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Looking for some tips/input



so I have now been practicing as a RN for a year. Unfortunately it was not completely in one setting because I had to quit one position for personal reasons unrelated to the position.. I have been doing hospice nursing now for 6 months. Some days I love it and others not so much. My main issue is that my skills need work. and by that I primarily mean catheter placement on a women and lab draws, both of which I have only been able to try once and have been unsuccessful. I have literally BEGGED To have opportunities to learn these skills, begged to learn a lot, but since staff is short like everywhere that's not very feasible. I do a whole lot of wound care which I like, and feel okay about port flushes/Picc lines and male catheters. Every skill I have done has been a go out and figure it out on your own and watch a YouTube video before you get there scenario.. Is that a good way to learn? It doesn't seem so to me, because there is no opportunity for constructive criticism or feedback. Not to mention, the type of care that gives a patient. I know that what I need is acute care experience to build a foundation, but in my area jobs are limited. I have been applying for well over a year and will continue. In my area it's very hard to get these positions unless you have "connections". I will keep trying. Thoughts ? Suggestions in general?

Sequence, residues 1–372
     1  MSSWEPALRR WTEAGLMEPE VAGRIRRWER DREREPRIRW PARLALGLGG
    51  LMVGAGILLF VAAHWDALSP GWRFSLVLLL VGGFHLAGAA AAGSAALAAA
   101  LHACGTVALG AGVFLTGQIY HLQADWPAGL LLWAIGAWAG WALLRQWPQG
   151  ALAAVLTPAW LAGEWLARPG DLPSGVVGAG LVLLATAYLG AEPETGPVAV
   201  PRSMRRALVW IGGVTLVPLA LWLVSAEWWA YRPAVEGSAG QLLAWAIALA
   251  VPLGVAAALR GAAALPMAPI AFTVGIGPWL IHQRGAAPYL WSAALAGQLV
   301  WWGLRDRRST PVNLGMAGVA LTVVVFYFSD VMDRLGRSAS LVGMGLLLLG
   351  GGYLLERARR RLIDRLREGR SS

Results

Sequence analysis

HouTx, BSN, MSN, EdD

Specializes in Critical Care, Education. Has 35 years experience.

What is your career goal? If you are working in an environment in which those interventions are rare, even if you 'learn' the skill, you will not be able to maintain proficiency without practice opportunities (AKA, use it or lose it).

Acute care skills are not necessary for all practice environments.